Manti is believed to be originated by Uyghur Turks living in China as mantou, and was carried across Central Asia to Anatolia by migrating Turkic and Mongol peoples in the Chingizid-Timurid periods. In particular, according to one Armenian researcher, manti first reached Cilician Armenia as a result of the cultural interaction between Armenians and Mongols during their alliance in the 13th century. According to Holly Chase, ‘Turkic and Mongol horsemen on the move are supposed to have carried frozen or dried manti, which could be quickly boiled over a camp-fire’. In Turkey, it is also called Tatar böregi (Tatar bureks), which indicates its relation to nomadic peoples. Korean mandu is also said to have arrived in Korea through the Mongols in the 14th century. However, some researchers do not discount the possibility that manti may have originated in the Middle East and spread eastward to China and Korea through the Silk Road.
- 2 cups flour
- 1/2 teaspoon salt
- 2 eggs
- 1/2 teaspoon water, or as needed
- 2 onions, peeled
- 1/2 pound ground beef
- salt and pepper to taste
- 3 tablespoons vegetable oil
- 1 tablespoon red pepper flakes
- 1 tablespoon minced garlic
- 1 (8 ounce) container plain yogurt
Combine the flour and salt in a mixing bowl. Add the eggs and water, mixing well with your hands. Add more water, if needed, to form a soft dough. Cover and set aside for at least 30 minutes.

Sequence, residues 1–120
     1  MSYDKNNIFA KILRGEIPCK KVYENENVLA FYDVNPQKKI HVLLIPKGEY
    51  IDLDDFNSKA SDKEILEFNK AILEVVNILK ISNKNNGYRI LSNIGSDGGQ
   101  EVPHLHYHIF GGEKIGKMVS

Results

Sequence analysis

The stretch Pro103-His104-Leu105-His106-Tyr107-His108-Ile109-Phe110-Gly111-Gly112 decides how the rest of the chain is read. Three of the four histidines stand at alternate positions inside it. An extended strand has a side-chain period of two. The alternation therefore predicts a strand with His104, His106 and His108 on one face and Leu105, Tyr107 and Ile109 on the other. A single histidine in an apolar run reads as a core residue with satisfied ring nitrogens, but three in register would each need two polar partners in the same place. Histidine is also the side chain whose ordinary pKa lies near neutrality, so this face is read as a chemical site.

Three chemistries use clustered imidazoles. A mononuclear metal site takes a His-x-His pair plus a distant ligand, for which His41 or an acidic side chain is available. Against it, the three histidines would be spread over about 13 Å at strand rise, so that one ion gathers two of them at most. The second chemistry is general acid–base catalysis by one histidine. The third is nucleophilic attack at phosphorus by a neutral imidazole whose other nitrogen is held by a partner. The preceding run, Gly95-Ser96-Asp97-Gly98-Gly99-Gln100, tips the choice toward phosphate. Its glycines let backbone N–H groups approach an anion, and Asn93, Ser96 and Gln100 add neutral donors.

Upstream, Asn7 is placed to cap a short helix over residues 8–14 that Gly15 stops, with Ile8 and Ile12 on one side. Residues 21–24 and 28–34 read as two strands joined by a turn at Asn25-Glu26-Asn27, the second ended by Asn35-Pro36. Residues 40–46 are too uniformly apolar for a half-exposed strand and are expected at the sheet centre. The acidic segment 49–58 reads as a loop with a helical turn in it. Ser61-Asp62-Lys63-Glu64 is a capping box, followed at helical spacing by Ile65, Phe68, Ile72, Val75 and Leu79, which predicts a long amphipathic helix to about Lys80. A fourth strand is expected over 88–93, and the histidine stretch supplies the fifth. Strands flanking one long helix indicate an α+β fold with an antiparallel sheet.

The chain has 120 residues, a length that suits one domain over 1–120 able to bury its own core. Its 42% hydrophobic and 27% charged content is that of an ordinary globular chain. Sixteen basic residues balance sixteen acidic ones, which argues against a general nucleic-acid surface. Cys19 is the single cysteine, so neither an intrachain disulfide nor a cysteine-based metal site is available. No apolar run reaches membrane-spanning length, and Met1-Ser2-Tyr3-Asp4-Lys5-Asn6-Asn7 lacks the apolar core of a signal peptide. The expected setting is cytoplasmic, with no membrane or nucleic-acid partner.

Shred the onions and place them in a colander or sieve set over a bowl; drain the juice and discard. Combine the onion, ground beef, salt, and pepper; mix the meat well with a spoon until mashed.
Divide the dough into two portions and lightly flour a work surface. Keep one piece of dough covered while you roll out the second portion into a rectangle, rolling the dough as thin as you can. Cut the rectangle into 2-inch squares with a knife or pastry wheel.
Place about 2 teaspoons of the meat filling in the center of each square. Seal the dumplings by gathering the edges of the dough and pinching them together at the top to form a bundle. Transfer the finished manti to a floured plate, and sprinkle more flour over the manti to prevent sticking. Repeat with the second piece of dough.
Heat the oil and red pepper flakes in a small skillet over low heat just until the pepper flakes have started to color the oil; don’t let them burn. Remove from the heat and keep warm. Stir the minced garlic into the yogurt and set aside.
Bring a large pot of salted water to a boil over medium-high heat, and cook the manti until the filling is no longer pink, and the dough is tender, 20 to 25 minutes. Drain well. Divide the manti among four plates. Spoon the yogurt sauce over the manti and drizzle each serving with the hot pepper oil.